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Innocence — door to true meaning and happiness








 A bunny is sitting peacefully outside my study window as I write these words.

He (or she) is absolutely gorgeous. He lives beneath the large blue spruce tree that grows outside our front door and provides him with security and shelter. I hope he has a long and happy life with the help of this tree and his own highly honed survival skills.

I didn't think I would be writing a post about this bunny this morning. For one thing, I hadn't seen him for a week, perhaps longer. No, I had it all planned out to write a post about various books that have been helpful to me in my life, and have blessed my life. But when I looked outside a few moments ago and saw this bunny, I started to think about innocence.

Key to happiness and fulfillment

The bunny -- he is still there, resting peacefully in the grass at the very edge of the tree that is his friend and protector -- is surely the very personification of innocence.

He has a good turn of speed, I give you that, but what options does he have to defend himself against the coyotes, for example, which roam this neighborhood?

The only thing that has kept him alive so far in this townhome complex in which JoAnn and I live is that he is a very alert little bunny-- and as I say, can cover a lot of ground very quickly indeed.

The paradox of truth

It's true that innocence, in the sense I'm speaking of it here, does not necessarily guarantee a long life to any particular physical form, our own included. But there's a beautiful paradox in life:

When we are truly innocent -- that is to say, open to the call of our own eternal Self -- we find ourselves connected with the truth at the core of our being that is the very source of all true meaning and happiness.

7 benefits of innocence

Here are 7 reasons why I think it behooves each of us to inquire deeply into this matter of innocence:

1. Reconnect with our own being 

Innocence makes it possible for us to reconnect with our own divine character -- which is itself innocent, untainted and untroubled by any of the disturbances and troubles of human existence

2. Hear the voice of truth

Innocence makes it possible to hear the clear, strong voice of our own eternal spirit speaking to us amidst the noise and confusion of this world

3. Live a daring life

Innocence makes it possible to live a daring life -- because we trust the impulse of our own inner wisdom, and are willing to follow it whether others agree with us or not

4. Meet the challenges of life

Innocence makes it easier to accept and meet the challenges that life brings to us or to our loved ones or others

5. Helps us change easily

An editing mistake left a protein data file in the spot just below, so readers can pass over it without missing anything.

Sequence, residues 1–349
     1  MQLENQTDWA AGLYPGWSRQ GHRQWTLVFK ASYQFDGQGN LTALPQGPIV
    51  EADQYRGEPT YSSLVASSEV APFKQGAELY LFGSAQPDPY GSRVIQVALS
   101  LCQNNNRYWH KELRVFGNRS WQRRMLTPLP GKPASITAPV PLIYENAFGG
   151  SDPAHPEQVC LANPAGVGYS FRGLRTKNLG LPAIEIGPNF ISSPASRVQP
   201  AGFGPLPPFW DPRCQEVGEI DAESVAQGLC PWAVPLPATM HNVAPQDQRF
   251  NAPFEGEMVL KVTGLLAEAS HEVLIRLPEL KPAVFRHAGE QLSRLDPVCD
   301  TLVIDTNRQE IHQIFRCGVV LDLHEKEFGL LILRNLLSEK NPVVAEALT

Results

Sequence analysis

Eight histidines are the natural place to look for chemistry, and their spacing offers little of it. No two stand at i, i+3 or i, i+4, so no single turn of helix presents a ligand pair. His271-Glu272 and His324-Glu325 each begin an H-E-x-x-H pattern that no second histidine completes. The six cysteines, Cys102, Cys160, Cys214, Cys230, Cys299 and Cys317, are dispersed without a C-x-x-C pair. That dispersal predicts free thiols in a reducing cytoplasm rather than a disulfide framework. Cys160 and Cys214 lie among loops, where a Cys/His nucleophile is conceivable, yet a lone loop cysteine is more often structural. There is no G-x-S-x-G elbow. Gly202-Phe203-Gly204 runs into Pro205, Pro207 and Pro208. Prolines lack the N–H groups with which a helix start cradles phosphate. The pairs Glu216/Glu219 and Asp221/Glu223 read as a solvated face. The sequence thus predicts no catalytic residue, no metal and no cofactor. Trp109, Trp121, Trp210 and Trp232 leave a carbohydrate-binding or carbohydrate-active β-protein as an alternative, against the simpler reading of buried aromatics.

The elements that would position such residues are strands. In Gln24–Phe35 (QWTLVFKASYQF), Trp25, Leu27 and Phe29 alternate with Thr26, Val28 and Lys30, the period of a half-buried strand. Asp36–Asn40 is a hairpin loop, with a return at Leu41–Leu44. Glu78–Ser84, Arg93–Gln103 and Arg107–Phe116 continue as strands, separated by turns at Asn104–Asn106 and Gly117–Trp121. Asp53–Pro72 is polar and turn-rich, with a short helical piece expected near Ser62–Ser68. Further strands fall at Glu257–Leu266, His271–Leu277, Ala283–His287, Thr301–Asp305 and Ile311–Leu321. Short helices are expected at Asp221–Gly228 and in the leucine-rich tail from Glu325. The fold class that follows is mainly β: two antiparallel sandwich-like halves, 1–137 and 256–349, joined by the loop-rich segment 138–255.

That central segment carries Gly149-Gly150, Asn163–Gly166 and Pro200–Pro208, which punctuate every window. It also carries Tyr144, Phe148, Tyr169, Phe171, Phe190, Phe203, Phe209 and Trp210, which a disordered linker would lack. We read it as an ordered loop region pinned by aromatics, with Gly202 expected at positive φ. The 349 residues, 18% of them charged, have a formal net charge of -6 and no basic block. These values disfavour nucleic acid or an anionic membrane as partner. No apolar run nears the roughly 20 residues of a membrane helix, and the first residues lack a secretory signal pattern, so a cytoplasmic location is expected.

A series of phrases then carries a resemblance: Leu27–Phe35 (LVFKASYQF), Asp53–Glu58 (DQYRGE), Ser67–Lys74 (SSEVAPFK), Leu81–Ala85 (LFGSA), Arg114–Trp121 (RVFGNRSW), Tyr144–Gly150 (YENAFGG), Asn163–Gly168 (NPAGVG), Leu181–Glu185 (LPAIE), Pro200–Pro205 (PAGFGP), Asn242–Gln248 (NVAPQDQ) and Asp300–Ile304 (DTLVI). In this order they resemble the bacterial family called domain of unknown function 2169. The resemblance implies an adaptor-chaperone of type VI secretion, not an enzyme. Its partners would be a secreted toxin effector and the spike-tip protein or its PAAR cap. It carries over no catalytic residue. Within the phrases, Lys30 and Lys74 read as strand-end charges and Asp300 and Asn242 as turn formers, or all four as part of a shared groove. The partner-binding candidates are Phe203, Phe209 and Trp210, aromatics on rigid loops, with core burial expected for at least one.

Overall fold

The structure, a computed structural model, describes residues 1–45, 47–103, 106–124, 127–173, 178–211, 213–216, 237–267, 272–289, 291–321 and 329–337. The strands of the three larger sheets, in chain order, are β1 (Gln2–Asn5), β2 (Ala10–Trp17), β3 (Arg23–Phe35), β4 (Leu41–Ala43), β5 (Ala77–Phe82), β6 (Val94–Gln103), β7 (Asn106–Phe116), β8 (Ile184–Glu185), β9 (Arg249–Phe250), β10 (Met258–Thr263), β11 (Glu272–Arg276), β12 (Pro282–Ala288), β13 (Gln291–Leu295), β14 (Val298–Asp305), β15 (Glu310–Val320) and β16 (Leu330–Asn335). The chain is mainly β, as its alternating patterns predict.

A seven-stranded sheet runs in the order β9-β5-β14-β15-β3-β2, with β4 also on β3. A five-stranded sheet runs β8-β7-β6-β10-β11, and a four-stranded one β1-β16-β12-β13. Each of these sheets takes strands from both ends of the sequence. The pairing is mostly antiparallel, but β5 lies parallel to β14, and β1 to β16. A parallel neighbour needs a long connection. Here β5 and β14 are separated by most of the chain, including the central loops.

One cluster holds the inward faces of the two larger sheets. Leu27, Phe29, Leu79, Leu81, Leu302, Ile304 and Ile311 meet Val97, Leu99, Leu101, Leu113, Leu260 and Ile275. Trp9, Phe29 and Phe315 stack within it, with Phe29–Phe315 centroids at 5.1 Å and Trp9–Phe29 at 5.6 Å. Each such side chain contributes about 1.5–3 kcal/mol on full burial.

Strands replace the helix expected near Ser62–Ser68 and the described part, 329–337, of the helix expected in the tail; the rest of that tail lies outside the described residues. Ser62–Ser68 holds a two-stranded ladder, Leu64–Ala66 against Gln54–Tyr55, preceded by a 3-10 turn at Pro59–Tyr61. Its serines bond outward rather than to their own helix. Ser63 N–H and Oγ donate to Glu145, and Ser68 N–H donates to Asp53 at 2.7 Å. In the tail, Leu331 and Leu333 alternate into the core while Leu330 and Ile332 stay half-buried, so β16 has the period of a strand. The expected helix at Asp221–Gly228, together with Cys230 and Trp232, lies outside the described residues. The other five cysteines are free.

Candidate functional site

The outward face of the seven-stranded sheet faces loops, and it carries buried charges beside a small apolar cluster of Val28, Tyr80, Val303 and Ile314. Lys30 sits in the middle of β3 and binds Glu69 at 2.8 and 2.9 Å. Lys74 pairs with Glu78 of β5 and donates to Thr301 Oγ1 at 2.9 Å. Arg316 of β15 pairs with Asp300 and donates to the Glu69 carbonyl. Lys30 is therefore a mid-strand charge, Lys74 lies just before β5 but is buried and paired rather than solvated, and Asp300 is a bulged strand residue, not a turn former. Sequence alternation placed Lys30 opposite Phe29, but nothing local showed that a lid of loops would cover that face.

Innocence makes it possible for us to change as readily and easily as possible. Since change is an absolute necessity, this is an attractive aspect of innocence.

6. Experience the beauty of life 

Innocence makes it possible for us to see and taste the authentic beauty and magic at the core of our existence

7. Makes it possible to forgive

An unforgiving attitude or spirit is a hard burden to bear. Innocence makes it possible to forgive -- and easy to forgive.

The bunny is still there as I finish this post. I thought for a moment as I looked out the window that he was asleep. But as I stood up to leave and get a snack, he opened his eyes wide and looked straight at me.

Hmm. Another reason why innocence should be high on our priority list. It opens our eyes to the connection that we share with all other living things on this planet.

What is innocence?

What is true innocence? It's not naivete, that's for sure. I like the words attributed to Jesus: "Be ye therefore wise as serpents, harmless as doves" (Matt 10:16). 

I also like some words of the Indian sage, Ramana Maharshi: "The ultimate truth is so simple; it is nothing more than being in one's natural, original state."

Please write if you have any thoughts you'd like to share on this theme of innocence.

Please check out my guest post at Good Life Zen entitled ""The 10 timeless joys of aging."

Have a wonderful holiday season. Be well.

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{ 13 comments… read them below or add one }

The Vizier December 14, 2010 at 12:41 am

Hi Christopher,

I love your post on innocence! I also enjoy reading how you gained the inspiration for this post from the bunny outside your window. We can learn a lot from animals and their naturalness. I too hope that bunny has a long and happy life, safe from the coyote.

By being innocent, we are better able to face the challenges of life in a way that is most natural. We become like water which flows naturally to the oceans, overcoming all obstacles in a gentle and natural manner to do so. By being innocent, we see things for what they truly are, free of whatever perceptions we have, thus we are able to manage changes.

In reading your post, I was reminded of Hexagram 25 from the I-Ching or the Book of Changes. One translation of Hex 25 is innocence and I believe it will fit in nicely with what you are trying to say. Here is Hex 25:

“INNOCENCE. Supreme success.
Perseverance furthers.
If someone is not as he should be,
He has misfortune,
And it does not further him
To undertake anything.